The Magistrate's Blog (2005-2012)

This blog has migrated to www.magistratesblog.blogspot.co.uk This blog is anonymous, and Bystander's views are his and his alone. Where his views differ from the letter of the law, he will enforce the letter of the law because that is what he has sworn to do. If you think that you can identify a particular case from one of the posts you are wrong. Enough facts are changed to preserve the truth of the tale but to disguise its exact source.

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Location: Near London, United Kingdom

The blog is written by a team, who may or may not be JPs, but all of whom are interested in the Magistrates' Courts.

Tuesday, July 19, 2005

Now That's What I Call Plucky

We heard a fairly simple trial today about some motoring offences involving drink and a bent motor car with a few other odds and ends that I can't mention without getting too close to giving the game away.

The defendant was represented by a barrister and was what lawyers call (often with discreet smacking of the lips) a 'private payer' so the bill for solicitor and counsel was coming out of his own pocket.

Not to put too fine a point on it, his defence case was a crock of..... no, let decorum reign and let me say that it was not too strong. He had admitted enough to the arresting officers to guarantee his conviction before any bench that I can imagine, and just to make certain he had dotted all of the whatsits and crossed all of the doodahs in a taped interview. Nevertheless, Not Guilty was the plea, as is his right, and an attractive young barrister (yes, the attractive is irrelevant, but I am allowed to notice) made the best of a bad job. To make matters worse for the defence the relatively inexperienced Crown prosecutor had to be elsewhere at short notice so a barrister was drafted in from Chambers. As luck would have it the Chambers clerk had already despatched all of his young tyros so we got, thanks to the cab-rank rule, a fifty-ish brief who had obviously got a lot of legal mileage on his clock.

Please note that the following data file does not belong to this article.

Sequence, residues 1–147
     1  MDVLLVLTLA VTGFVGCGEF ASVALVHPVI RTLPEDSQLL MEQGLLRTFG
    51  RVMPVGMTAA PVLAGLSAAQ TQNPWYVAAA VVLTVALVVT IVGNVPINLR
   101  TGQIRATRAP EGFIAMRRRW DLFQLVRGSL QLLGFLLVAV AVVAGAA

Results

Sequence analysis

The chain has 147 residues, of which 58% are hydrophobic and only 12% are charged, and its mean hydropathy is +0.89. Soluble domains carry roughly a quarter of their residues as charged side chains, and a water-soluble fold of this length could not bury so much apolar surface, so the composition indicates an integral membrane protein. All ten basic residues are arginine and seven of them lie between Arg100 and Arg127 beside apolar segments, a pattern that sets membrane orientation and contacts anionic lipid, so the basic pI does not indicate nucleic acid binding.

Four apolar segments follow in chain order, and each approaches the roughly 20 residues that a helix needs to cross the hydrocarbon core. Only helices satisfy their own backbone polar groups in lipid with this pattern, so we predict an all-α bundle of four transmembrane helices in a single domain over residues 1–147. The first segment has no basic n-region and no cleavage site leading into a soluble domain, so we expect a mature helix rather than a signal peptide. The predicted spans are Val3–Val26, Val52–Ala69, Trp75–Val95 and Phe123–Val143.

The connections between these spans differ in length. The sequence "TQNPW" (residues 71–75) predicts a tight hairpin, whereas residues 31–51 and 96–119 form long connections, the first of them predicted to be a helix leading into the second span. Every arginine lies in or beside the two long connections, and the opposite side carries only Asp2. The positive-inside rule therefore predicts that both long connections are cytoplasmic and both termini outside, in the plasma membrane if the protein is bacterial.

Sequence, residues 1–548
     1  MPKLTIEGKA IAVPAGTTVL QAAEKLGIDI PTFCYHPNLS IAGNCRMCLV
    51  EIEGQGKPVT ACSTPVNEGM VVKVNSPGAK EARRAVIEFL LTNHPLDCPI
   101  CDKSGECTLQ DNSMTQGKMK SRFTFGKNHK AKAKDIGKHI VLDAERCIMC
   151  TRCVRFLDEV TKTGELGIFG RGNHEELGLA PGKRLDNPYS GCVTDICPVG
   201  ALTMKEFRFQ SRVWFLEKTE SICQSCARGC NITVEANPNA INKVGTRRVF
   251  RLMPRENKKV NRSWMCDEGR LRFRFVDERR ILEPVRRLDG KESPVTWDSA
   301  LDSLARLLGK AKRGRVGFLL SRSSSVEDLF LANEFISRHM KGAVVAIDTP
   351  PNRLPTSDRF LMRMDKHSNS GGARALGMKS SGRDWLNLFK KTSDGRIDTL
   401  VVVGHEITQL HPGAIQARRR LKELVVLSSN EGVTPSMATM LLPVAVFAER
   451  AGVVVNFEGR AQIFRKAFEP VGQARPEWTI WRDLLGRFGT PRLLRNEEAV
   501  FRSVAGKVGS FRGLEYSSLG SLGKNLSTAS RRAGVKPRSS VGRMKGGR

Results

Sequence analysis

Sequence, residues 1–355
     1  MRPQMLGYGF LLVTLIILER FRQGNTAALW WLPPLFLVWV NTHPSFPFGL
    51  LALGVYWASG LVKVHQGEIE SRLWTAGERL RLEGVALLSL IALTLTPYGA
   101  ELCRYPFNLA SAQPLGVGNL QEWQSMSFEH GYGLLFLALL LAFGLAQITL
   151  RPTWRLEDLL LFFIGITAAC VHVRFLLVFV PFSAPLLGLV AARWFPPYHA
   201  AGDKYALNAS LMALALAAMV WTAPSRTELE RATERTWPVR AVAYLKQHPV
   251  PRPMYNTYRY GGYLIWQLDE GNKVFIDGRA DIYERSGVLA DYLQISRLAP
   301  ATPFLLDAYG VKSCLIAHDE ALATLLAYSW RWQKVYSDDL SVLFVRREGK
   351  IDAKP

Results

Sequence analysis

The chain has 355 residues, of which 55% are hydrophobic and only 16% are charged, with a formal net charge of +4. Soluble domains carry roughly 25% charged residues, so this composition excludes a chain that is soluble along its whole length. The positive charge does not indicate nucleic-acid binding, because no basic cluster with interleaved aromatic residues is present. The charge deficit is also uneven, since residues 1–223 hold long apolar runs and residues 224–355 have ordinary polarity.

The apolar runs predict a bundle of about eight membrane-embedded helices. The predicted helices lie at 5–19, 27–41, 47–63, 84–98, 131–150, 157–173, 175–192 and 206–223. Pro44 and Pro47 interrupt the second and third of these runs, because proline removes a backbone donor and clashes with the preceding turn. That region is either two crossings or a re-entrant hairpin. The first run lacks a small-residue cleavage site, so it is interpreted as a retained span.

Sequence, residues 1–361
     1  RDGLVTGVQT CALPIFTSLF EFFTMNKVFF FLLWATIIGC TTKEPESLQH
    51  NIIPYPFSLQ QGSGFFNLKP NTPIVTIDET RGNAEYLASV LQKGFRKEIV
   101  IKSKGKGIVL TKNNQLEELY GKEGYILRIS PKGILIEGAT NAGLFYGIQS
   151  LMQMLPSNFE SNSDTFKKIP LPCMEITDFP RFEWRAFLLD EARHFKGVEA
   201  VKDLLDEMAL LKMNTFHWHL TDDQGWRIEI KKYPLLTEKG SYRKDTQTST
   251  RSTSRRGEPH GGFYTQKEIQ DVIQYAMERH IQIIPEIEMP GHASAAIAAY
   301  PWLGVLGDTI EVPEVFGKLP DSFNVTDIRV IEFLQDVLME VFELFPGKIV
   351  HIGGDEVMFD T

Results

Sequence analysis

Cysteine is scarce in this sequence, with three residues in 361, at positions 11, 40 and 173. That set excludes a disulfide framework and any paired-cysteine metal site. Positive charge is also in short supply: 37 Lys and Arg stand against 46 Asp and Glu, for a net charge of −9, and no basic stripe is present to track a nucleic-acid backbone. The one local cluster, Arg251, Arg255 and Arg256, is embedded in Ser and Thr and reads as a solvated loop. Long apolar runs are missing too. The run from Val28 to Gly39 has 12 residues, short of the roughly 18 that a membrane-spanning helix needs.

Following her client's instructions the defending counsel put forward his story, that was both implausible and legally hopeless. She had a polite go at the police officers' evidence, but I really started to admire her when her client went into the box and dug himself even deeper into the mire. She kept her composure, and her closing address to the court was properly researched, impeccable as to case law, and delivered with bright-eyed conviction.

Conviction is what her client got too.

I admire her because faced with one of the worst defence scenarios since the Little Big Horn she did a professional job and carried on fighting for her client until the inevitably bitter end. She knew when she first got to her feet that she was on a loser but she gave it her best shot for her client. She had almost certainly advised him to plead guilty and get a bit off his sentence but he wanted to carry on, so carry on she did.

That's what makes the Bar (and criminal defence solicitors) so special in my view.